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Expropriation and polarization: the role of mandatory spending in a political economy

Grant number: 20/08465-6
Support type:Scholarships in Brazil - Post-Doctorate
Effective date (Start): November 01, 2020
Effective date (End): August 01, 2021
Field of knowledge:Applied Social Sciences - Economics
Principal researcher:Bernardo de Vasconcellos Guimaraes
Grantee:Laura de Andrade Karpuska Santos
Home Institution: Escola de Economia de São Paulo (EESP). Fundação Getúlio Vargas (FGV). São Paulo , SP, Brazil

Abstract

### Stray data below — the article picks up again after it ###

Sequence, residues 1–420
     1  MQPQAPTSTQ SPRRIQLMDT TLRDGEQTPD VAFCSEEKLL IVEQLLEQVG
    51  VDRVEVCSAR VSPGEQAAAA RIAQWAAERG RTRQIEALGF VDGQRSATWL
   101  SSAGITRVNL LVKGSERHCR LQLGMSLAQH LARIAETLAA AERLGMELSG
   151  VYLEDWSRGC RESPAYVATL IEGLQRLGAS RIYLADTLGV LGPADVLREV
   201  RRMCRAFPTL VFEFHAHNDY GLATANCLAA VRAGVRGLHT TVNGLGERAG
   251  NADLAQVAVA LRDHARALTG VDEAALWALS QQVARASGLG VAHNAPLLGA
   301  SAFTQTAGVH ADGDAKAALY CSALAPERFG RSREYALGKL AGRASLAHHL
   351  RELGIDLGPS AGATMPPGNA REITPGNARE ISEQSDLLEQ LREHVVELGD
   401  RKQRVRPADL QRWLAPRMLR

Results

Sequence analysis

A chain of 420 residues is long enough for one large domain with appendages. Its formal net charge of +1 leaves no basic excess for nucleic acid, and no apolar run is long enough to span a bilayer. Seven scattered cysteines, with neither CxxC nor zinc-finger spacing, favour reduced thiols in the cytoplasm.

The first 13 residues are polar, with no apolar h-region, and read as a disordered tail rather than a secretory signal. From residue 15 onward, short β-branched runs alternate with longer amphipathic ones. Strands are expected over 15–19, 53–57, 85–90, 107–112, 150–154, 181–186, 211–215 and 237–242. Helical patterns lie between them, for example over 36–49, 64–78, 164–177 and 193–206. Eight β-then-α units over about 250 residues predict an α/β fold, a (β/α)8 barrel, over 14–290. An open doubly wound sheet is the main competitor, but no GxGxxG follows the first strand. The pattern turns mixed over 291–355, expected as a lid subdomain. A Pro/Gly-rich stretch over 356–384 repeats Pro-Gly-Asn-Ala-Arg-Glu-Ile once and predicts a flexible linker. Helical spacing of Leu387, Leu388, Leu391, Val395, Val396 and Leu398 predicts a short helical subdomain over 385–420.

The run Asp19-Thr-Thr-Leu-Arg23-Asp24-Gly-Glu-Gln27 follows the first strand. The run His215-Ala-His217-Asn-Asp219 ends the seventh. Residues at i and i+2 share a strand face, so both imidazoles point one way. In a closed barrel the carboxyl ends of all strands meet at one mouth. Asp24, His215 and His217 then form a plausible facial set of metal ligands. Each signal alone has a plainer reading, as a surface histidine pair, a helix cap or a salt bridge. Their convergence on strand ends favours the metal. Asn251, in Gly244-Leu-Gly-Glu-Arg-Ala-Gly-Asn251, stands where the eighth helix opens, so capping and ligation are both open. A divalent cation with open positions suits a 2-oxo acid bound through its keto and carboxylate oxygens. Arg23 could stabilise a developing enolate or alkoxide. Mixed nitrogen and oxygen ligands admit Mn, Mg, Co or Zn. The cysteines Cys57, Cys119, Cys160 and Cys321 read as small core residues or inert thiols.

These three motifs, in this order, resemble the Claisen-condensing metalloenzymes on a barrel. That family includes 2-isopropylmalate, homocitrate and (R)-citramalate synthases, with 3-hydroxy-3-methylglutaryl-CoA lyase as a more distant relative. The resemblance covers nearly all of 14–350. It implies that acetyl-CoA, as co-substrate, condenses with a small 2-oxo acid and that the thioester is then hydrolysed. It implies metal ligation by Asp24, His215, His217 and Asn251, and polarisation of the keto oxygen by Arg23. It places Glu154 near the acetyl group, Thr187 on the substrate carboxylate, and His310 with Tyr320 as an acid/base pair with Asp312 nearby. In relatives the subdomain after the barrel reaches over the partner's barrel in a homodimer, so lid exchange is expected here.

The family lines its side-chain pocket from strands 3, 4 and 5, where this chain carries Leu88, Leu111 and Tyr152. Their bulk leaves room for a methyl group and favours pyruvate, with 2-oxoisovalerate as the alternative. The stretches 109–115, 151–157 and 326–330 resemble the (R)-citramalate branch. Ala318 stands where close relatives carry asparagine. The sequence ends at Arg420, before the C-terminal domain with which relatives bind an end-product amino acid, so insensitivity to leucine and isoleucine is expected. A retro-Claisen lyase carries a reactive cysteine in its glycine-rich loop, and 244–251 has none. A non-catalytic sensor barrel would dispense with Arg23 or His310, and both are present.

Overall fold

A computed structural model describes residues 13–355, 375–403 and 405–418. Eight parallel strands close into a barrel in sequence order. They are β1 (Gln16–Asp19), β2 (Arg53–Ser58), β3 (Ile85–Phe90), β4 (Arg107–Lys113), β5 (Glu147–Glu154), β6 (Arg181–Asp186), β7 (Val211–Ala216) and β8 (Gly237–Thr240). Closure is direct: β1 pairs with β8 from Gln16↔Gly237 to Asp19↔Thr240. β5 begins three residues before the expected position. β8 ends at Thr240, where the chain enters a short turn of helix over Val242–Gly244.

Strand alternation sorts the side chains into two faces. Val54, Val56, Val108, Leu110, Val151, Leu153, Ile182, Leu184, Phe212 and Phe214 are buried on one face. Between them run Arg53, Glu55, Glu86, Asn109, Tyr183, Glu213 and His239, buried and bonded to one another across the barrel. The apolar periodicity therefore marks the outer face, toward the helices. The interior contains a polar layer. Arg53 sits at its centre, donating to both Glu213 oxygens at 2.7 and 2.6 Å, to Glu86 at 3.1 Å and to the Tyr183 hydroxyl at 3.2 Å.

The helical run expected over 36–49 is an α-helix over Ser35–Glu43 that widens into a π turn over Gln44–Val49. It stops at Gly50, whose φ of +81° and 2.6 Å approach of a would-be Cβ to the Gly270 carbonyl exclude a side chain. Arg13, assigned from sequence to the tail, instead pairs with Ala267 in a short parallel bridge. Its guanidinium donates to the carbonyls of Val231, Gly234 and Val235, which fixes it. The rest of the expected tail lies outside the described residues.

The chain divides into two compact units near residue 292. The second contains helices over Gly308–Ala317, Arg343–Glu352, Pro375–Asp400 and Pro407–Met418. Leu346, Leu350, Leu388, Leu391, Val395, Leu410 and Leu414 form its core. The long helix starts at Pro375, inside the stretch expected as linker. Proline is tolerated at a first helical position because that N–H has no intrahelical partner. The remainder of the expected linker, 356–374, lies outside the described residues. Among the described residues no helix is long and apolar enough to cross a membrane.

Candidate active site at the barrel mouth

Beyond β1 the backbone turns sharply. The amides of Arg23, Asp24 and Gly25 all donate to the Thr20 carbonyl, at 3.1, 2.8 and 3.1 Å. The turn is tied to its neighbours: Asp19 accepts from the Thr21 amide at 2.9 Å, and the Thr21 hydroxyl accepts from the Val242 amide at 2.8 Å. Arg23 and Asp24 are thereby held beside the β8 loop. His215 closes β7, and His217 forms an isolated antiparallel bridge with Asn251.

This project aims to study the welfare implications of a class of budget rules, the ones that determine mandatory spending. I analyze a model with two parties that allocate a fixed budget to private transfers and a public good. Each period a party is chosen to propose an allocation while the other party can accept or reject the proposal. Mandatory spending is modeled in the spirit of dynamic legislative bargaining with an endogenous status quo. The relative taste for public goods defines the level of political disagreement in society. Three questions are raised. First, does the type of good under mandatory spending matters? Second, does the level of political polarization matters to answer the first question, in the sense that welfare impacts of mandatory spending will depend on how polarized a society is? Finally, how does political turnover impacts welfare gains from mandatory spending? Although the common wisdom hints that more political turnover is better, most political economy models in the literature deliver the opposite result. Will that remain true when there are institutions, such as mandatory spending that prevent expropriation?

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